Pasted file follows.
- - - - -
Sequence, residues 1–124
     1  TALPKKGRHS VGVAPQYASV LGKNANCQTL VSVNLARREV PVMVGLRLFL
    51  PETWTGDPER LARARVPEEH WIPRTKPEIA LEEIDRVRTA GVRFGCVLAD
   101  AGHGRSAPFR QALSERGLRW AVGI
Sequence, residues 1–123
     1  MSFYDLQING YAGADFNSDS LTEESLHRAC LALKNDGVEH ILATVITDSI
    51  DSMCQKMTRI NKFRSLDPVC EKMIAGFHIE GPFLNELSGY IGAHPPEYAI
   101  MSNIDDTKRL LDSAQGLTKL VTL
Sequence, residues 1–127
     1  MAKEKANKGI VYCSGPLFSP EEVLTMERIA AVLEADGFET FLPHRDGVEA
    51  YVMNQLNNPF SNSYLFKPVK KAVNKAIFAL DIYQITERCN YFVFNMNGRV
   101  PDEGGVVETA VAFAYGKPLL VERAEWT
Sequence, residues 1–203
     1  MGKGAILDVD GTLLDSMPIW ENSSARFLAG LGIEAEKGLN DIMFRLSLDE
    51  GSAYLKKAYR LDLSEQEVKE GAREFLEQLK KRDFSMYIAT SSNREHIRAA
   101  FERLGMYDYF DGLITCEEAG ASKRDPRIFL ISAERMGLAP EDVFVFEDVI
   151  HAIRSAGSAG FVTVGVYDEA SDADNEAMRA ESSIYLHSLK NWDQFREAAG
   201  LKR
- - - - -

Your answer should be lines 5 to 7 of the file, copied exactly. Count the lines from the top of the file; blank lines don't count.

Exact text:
Sequence, residues 1–123
     1  MSFYDLQING YAGADFNSDS LTEESLHRAC LALKNDGVEH ILATVITDSI
    51  DSMCQKMTRI NKFRSLDPVC EKMIAGFHIE GPFLNELSGY IGAHPPEYAI